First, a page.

# From PCA to RPCA

PCA is widely known by its geometric interpretation. That is, finding successive orthonormal vectors to project the data onto, such that the reprojected variance is kept at a maximum. Here is another way to look at PCA. Let’s say you have a data matrix $M$. You believe that there exists a low-rank matrix $L$—whose rank is less than $r$—if some noise is stripped out of $M$.

This can be formulated as an optimization problem, where you try to find a matrix $L$ that gives you the best low-rank approximation of $M$.

$$
\begin{align}
& \min_{L} & & |M -L|_F^2 \

& \text{subject to} & & rank(L) < r \

\end{align}
$$

Note that low-rank translates into the fact that there are correlations among samples and/or features.
This ties our story back to the geometric interpretation of PCA.
The solution to this problem is outliend by the famous Eckart-Young-Mirsky theorem, and is well-implemented in commonly used machine learning packages such as `scikit-learn`

.
It’s easy to solve whether you use SVD, as the original thorem suggests, or solving the eigenproblem of the covariance matrix of the data.

Something we haven’t talked about yet is the term $\|M -L\|_F^2$ . Why Frobenius norm? This basically represents your assumption on the noise that is present in your data $M$ or how do you like to penalize it. If you are like me and prefer the probabilistic view of PCA, this means that you assume your data is corrupted with i.i.d. Gaussian noise.

But what if it wasn’t?

Candes *et al.* raise this question in their 2011 paper.
In their own words, if the data is *grossly* corrupted in *sparse* regions, then $\|M-L\|_F^2$ is not an appropriate objective anymore.
Okay then, how about we change it to $\|M -L\|_1$?
On paper, this seems perfect but we don’t have the Eckart-Young-Mirsky theorem for this case.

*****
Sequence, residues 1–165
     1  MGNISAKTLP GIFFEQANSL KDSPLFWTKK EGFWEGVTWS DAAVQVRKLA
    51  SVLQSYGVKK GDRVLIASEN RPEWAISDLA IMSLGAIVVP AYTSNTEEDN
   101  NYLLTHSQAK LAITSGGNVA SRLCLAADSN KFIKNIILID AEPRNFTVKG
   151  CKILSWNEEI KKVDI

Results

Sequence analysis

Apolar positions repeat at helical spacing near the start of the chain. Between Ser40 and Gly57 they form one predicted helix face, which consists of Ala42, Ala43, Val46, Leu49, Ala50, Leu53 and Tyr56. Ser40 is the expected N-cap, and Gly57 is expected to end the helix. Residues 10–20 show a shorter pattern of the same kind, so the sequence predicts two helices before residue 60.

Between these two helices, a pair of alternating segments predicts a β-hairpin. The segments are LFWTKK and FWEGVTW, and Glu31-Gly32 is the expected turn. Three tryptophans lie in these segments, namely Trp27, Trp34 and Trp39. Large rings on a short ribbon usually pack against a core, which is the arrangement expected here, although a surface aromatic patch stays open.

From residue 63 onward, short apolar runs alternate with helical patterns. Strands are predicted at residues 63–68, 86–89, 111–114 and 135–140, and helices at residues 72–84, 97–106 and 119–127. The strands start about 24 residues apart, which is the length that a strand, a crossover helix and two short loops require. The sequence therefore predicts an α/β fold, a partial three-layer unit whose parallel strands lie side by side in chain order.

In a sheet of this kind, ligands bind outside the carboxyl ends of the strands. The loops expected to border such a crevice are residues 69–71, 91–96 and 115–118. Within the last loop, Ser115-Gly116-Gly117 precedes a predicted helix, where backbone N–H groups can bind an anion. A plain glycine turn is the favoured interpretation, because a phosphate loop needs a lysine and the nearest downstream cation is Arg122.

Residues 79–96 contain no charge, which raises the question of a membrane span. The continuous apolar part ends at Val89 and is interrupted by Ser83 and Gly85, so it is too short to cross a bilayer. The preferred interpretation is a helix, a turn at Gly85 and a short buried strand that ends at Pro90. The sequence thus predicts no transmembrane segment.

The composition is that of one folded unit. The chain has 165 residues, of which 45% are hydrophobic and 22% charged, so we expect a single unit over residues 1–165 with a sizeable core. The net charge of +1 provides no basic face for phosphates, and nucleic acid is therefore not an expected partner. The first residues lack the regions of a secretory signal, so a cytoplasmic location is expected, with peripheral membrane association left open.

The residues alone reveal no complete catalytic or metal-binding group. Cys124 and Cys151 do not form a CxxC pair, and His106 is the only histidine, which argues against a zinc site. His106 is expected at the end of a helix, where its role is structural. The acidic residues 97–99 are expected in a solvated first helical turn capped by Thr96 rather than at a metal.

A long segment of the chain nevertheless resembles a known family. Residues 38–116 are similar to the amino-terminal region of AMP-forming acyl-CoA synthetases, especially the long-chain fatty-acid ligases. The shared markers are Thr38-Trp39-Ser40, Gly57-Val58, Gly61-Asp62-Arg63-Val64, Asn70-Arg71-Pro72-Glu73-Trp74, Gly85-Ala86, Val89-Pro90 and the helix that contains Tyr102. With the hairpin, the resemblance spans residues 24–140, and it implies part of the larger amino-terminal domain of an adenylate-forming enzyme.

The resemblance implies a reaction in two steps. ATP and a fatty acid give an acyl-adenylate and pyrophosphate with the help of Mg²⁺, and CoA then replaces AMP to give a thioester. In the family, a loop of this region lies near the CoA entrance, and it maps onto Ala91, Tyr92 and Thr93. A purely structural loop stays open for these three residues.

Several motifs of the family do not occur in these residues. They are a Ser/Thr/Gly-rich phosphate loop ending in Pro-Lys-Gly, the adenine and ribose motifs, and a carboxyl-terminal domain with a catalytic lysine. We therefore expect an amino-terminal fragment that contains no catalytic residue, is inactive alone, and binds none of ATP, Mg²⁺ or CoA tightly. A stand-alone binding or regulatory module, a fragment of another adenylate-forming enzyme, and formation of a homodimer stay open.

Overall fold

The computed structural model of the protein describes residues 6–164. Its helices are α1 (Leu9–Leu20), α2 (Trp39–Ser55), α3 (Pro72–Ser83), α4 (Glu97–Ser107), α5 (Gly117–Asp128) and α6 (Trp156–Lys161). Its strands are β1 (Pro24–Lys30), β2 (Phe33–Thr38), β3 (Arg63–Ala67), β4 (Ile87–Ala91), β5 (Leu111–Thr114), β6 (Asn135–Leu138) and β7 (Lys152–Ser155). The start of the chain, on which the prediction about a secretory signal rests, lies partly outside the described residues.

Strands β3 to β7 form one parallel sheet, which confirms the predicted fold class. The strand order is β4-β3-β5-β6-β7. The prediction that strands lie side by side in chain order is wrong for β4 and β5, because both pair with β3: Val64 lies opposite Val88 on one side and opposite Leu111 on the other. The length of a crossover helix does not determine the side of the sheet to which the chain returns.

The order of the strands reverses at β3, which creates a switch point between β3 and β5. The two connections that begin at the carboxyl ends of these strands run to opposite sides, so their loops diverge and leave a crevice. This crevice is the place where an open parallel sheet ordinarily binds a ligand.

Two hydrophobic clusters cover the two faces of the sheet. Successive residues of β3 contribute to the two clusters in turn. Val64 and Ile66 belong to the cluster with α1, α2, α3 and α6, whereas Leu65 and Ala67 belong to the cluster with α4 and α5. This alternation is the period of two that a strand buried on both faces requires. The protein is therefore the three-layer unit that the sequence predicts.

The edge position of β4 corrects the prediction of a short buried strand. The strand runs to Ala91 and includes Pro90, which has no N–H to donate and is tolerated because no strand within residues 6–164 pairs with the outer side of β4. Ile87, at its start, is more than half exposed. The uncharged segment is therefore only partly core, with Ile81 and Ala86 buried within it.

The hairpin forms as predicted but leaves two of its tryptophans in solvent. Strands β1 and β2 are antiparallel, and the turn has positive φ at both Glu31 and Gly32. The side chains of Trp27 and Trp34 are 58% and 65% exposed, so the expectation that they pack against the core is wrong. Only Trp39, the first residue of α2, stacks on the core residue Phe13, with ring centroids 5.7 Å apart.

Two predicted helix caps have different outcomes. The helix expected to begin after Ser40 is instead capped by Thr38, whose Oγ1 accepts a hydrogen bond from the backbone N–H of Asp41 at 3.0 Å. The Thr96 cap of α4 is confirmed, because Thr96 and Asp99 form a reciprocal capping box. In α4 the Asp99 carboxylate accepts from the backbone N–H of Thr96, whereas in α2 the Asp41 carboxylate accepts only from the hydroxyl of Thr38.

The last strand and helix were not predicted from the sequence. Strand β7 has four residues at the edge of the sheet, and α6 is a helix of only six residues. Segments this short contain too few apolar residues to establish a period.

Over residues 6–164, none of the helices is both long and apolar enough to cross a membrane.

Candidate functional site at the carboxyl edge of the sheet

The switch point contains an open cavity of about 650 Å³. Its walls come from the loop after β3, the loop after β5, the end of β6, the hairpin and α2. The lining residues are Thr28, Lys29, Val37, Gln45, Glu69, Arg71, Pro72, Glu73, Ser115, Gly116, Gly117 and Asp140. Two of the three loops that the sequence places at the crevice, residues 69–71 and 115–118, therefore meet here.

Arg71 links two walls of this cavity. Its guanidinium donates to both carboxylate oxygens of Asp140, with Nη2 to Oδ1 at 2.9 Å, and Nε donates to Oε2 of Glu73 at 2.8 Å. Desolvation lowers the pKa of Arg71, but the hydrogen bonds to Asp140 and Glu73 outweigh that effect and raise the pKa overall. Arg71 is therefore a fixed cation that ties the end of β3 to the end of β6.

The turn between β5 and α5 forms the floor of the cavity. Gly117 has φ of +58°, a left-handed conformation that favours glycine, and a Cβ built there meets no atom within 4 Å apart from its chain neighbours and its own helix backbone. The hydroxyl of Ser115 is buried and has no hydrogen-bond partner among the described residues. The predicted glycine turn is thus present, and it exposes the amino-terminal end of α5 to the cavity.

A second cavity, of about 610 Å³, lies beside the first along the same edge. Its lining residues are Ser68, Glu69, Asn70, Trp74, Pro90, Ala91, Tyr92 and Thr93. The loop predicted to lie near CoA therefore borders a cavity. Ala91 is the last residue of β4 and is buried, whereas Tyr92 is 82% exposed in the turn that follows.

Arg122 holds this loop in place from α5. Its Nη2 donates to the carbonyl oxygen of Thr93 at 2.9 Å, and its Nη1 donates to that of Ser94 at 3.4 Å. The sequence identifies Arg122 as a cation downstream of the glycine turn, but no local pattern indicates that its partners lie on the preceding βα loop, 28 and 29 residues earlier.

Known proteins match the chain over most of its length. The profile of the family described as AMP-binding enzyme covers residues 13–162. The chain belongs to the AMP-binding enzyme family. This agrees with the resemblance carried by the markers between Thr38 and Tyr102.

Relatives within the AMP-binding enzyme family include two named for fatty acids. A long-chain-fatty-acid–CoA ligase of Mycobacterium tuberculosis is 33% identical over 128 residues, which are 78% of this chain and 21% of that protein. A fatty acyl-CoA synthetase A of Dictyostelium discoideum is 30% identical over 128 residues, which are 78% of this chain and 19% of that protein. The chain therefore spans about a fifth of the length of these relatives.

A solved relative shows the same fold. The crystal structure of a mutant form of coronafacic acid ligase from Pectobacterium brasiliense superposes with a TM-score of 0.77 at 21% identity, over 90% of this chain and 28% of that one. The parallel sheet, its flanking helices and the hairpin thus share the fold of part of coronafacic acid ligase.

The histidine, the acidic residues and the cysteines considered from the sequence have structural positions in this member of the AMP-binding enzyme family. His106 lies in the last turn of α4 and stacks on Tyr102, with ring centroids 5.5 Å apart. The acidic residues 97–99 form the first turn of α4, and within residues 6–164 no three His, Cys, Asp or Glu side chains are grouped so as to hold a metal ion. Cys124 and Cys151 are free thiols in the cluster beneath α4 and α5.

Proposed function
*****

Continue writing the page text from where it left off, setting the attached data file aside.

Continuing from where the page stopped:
Let’s take a step forward and don’t make any assumptions on what rank $r$ will be, but rather just try to minimize it as much as we can.
While doing so, let’s also make sure a high-fidelity low-rank approximation via minimizing $\|S\|_1$which represents entry-wise deviations from the actual data.
Obviously these two objectives are in a tradeoff, so we will represent our preference in between the two via a regularizing parameter $\lambda$.
Here is the new objective function.

$$\begin{align}

& \min_{L} & & rank(L) + \lambda|S|_1 \

& \text{subject to} & & L + S = M \

\end{align}$$

Rank minimization over a convex set is an NP-hard problem therefore it’s not practical.
What Candes *et al.* suggests is to replace $rank(L)$ with $|L|_*$ which is the nuclear norm of $L$.
Nuclear norm is the convex envelope for the rank minimization problem, thus the bext convex approximation.
In order to see why this is, let’s first formally define rank of a matrix as $rank(L) = |\sigma(L)|_0$, where
$\sigma(L)$ is the vector of singular values of $L$.
A refresher: the 0-“norm” (in quotation marks because it’s not really a norm) is simply the number of non-zero elements in a vector.

Nuclear norm uses the 1-norm, which is the tightest convex relaxation of the 0-“norm”, $|L|_* = |\sigma(L)|_1$. It is very useful in practice, and as we’ll see in other posts, opens up a plethora of applications where the eventual goal is to find a low-rank approximation of the data at hand.

Consequently, our minimaztion problem becomes a convex optimization problem:

$$\begin{equation*}
\begin{aligned}

& \min_{L} & & |L|_* + \lambda|S|_1 \ & \text{subject to} & & L + S = M \\end{aligned}\end{equation*}$$

This problem defines what we call today, robust PCA. It can be solved efficiently via Alternating Direction Method of Multipliers (ADMM).

We saved the best question to the last: why would you want to use robust PCA for?
While there are many applications one can think of, I find background-foreground separation in video surveillance to be the easiest to imagine.
If frames captured by our camera is stored in a matrix $M$ (frames by pixels), then $L$ is the medium the camera looks at, *background*.
It is low-rank since over many frames, the background stays the same and thus we have correlation among frames (also possibly among pixels as it is common in images).
Sparse errors $S$ then becomes moving objects, or the *foreground*.

# Robust PCA in Action

I grabbed the first few seconds following royalty free airport camera footage from YouTube.

It fits my definition above, since the camera is fixed at a location and it doesn’t rotate around.
There are a few *sparse* objects moving around.

By applying robust PCA, I could easily separate background from the moving object (in this case, the truck and a couple of planes to the very right of the frame through the end of the video).

Had we have done it with PCA? Well…

I guess it’s good for making viral ghost footage videos.